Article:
There is no doubt that government needs to win a court case – and fast. So far, in its bid to justifiably prosecute officials of the Kufuor regime perceived to have engaged in corruption, the Mills administration has suffered more humiliation than any government can bear.
If it were a boxing arena, you would say government has suffered too many blinding jabs, jaw-breaking upper cuts and technical knockouts – all from a southpaw.
Sometimes, it’s been forced to simply throw-in the towel, bleeding from puffy eyes and enlarged nostrils. It’s not a pretty sight and the administration and its supporters are worried. Who wouldn’t when the spectacle makes it seem like government is being led in these legal battles by a bunch of teenagers who have just gained admission into a university to read for an LLB.
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In the face of the disturbing legal battering government has suffered, a friend of mine recently asked: “is the [government] being advised by a crack team of lawyers or a team of lawyers on crack?”
It’s a good question, which demands urgent answers if the Mills administration is going to be able to come out of its corner to put up a winnable legal performance to win at least one case against members of Kufuor’s looting brigade.
I look forward to that. Many Ghanaians do.
It seems however that the government and the ruling party are in no mood to play it fair. It is quite disturbing that instead of putting their act together to come out and fight clean, some government officials and the leadership of the ruling party appear ready to employ underhand tactics and they have no qualms about hitting below the belt to get what they desperately need – a legal victory.
They started off with the suggestion that the Attorney General, whom I like to call a friend, is losing her cases because her office is filled with saboteurs connected with the main opposition party. This spurious claim came from none other than the deputy general secretary of the NDC, Kofi Adams.
When Adams’ argument fell flat, the party decided to grab at any straw that came it way. So they decided to turn their attention on the judges.
Now, they are claiming that the government is losing its cases because the judiciary is filled with judges who are NPP loyalists and therefore as long as they remain on the bench, the government might never win a case. That’s why you hear the chairman of the NDC, Kwabena Adjei, who used to be a very wise guy proclaiming that his party will “clean” up the judiciary.
“There are many ways to kill a cat,” he added, speaking like a like a man on crack and hemp who has suffered irreparable brain damage!
I don’t know what Kwabena Adjei means by “we will clean [the judiciary] and let everybody everywhere blame us for interfering with the judiciary and we will take them on.”
But I hope it’s just silly bragging because I don’t see how the NDC can “clean” up the judiciary. President Mills can’t sack the chief justice and he can’t reverse the appointment of any judges. The most they can do is do as Kufuor did – stuff the bench. Even so, they will hardly win any poorly prosecuted case.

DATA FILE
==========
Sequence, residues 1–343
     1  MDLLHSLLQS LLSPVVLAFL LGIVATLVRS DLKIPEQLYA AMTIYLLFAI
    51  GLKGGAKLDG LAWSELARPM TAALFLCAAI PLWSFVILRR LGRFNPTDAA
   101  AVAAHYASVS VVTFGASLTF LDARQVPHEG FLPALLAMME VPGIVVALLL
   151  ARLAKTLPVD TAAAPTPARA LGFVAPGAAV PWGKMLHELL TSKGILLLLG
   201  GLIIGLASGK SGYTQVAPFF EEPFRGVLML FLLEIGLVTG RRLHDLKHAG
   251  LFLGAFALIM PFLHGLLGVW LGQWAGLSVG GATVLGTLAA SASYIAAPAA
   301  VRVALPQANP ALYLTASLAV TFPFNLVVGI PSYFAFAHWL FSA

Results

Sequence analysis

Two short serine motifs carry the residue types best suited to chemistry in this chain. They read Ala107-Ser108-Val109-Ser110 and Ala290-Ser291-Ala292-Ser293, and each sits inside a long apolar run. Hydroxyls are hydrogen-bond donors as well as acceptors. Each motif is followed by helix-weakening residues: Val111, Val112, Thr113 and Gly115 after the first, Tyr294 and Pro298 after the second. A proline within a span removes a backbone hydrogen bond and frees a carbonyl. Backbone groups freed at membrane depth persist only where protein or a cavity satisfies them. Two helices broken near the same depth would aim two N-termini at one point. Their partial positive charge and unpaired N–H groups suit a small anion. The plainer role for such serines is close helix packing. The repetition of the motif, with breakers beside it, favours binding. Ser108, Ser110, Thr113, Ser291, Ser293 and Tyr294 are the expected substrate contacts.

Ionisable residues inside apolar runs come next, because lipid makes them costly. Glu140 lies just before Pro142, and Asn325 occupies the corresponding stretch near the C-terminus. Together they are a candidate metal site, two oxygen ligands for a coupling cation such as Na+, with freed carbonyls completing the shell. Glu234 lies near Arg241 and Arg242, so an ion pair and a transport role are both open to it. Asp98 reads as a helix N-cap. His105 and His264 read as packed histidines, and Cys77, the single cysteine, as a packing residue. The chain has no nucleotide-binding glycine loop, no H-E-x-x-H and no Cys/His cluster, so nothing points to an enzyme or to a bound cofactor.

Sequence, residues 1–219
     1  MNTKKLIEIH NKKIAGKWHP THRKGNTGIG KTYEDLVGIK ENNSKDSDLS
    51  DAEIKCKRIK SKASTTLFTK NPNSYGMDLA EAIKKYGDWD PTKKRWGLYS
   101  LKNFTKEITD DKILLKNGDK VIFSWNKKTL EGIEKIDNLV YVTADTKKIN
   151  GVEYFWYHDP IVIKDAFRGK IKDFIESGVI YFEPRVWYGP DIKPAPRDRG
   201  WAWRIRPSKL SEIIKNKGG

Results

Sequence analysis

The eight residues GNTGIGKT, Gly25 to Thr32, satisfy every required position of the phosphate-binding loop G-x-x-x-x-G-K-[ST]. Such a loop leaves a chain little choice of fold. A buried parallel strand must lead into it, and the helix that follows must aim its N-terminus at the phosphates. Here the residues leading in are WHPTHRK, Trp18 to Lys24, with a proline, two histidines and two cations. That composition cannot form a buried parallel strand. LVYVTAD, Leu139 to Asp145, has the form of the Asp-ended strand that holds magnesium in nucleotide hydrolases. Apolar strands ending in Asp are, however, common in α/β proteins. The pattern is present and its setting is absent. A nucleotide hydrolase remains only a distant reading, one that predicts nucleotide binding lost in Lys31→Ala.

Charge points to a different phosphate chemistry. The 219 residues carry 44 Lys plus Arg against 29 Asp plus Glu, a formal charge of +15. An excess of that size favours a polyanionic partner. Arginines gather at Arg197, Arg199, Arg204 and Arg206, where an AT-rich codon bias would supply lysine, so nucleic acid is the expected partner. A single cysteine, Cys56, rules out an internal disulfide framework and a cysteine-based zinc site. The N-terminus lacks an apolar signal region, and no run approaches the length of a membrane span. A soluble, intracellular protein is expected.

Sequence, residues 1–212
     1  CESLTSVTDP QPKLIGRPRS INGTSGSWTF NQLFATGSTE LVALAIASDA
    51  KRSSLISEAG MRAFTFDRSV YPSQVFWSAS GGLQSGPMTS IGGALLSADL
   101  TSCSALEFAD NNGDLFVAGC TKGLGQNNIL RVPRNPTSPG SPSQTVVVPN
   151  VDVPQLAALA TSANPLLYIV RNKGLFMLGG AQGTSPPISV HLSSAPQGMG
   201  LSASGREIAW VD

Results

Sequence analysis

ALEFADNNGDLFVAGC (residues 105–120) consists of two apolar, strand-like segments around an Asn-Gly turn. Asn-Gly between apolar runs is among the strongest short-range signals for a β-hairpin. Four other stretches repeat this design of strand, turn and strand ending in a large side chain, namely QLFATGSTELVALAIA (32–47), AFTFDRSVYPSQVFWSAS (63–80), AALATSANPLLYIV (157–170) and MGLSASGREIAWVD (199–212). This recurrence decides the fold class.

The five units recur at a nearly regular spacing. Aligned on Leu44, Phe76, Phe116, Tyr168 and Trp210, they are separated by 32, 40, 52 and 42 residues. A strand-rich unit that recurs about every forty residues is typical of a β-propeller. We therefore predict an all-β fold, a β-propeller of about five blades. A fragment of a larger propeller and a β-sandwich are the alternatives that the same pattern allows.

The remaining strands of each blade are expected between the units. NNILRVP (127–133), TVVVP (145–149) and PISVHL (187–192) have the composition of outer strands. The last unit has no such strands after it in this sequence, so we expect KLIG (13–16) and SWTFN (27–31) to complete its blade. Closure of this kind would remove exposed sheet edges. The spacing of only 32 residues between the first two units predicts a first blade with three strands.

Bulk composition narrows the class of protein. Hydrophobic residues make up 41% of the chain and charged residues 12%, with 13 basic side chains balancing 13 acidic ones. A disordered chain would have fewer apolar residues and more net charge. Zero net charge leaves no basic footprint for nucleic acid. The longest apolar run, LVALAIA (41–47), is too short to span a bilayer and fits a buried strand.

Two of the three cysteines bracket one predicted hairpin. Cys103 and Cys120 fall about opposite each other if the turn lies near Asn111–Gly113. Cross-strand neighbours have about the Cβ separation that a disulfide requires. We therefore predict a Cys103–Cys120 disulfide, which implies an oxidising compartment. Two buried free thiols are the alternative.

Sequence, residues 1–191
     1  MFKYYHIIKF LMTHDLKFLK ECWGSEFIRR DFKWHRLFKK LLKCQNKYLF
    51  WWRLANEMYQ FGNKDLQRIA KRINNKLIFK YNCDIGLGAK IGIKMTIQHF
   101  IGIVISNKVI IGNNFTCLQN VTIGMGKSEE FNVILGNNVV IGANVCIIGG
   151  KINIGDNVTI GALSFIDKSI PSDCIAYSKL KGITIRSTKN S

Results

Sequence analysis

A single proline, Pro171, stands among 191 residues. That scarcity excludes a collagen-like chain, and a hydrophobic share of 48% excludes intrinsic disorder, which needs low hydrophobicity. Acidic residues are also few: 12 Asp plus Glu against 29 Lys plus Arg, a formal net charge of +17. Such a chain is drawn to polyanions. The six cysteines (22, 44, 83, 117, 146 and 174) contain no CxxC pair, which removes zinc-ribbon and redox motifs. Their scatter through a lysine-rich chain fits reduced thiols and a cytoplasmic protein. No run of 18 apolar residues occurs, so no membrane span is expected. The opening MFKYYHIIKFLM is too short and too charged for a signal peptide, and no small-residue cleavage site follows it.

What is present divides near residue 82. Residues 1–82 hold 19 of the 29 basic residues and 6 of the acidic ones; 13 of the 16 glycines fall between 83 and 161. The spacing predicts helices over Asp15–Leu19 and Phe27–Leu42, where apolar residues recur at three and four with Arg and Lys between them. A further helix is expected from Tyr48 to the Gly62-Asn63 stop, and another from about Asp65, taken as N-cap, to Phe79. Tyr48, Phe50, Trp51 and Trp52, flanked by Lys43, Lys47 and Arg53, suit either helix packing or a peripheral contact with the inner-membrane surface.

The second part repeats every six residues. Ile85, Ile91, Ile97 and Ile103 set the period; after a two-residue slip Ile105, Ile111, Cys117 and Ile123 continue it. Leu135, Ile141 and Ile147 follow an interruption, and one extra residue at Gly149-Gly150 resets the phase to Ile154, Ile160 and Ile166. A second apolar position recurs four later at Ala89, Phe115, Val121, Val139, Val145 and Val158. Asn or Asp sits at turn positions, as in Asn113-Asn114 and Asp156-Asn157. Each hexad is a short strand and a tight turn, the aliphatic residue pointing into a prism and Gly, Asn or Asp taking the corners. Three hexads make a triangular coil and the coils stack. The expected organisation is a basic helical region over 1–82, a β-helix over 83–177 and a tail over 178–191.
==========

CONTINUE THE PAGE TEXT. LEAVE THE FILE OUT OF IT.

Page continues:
Cleaning up the judiciary may also mean something the NDC’s antecedent is well-noted for. I get the impression that if the NDC had its way, they would kidnap a few judges and kill them – revolutionary style.
To make matters worse, you get a retired Supreme Court judge, Kpegah, who is supposed to know better, spewing a lot of BS in support of Kwabena Adjei’s virulent nonsense.
The nonsense must stop. This country does not belong to the NDC and its hoodlums alone. Their foot-soldiers have been allowed to attack anything from public toilet to offices of government agencies. They got away with it and so now their leaders think they can also seize the courts. Ghanaians will not allow them destroy one of the key institutions of our nation and our democracy – the judiciary.
No one is saying we have a perfect judiciary. But we don’t have a perfect executive either. Parliament is even worse. But no one is demanding a cleansing of the judiciary and parliament with the kind of vitriol, Kwabena Adjei and the senile Justice Kpegah have resorted to. It is this same judiciary, supposedly stuffed with NPP loyalists, which delivered a ruling that secured electoral victory for the NDC after the presidential polls in 2008. Yes, the judiciary is not perfect. But it’s an institution we need to build – with human beings who may have political sympathies for one party or another.
If the NDC cannot play intelligently in court to fairly win cases, they should just give up and concede that they do not have the requisite legal brains. Ghanaians will understand. But we will never forgive anyone who dares to fiddle with the judiciary in a desperate attempt to win one or two court cases. By all means, we are all in support of holding thieving former government officials to account. But judicial manipulation will not be tolerated. Those who think it’s the only way out for the government must have their brains cleansed.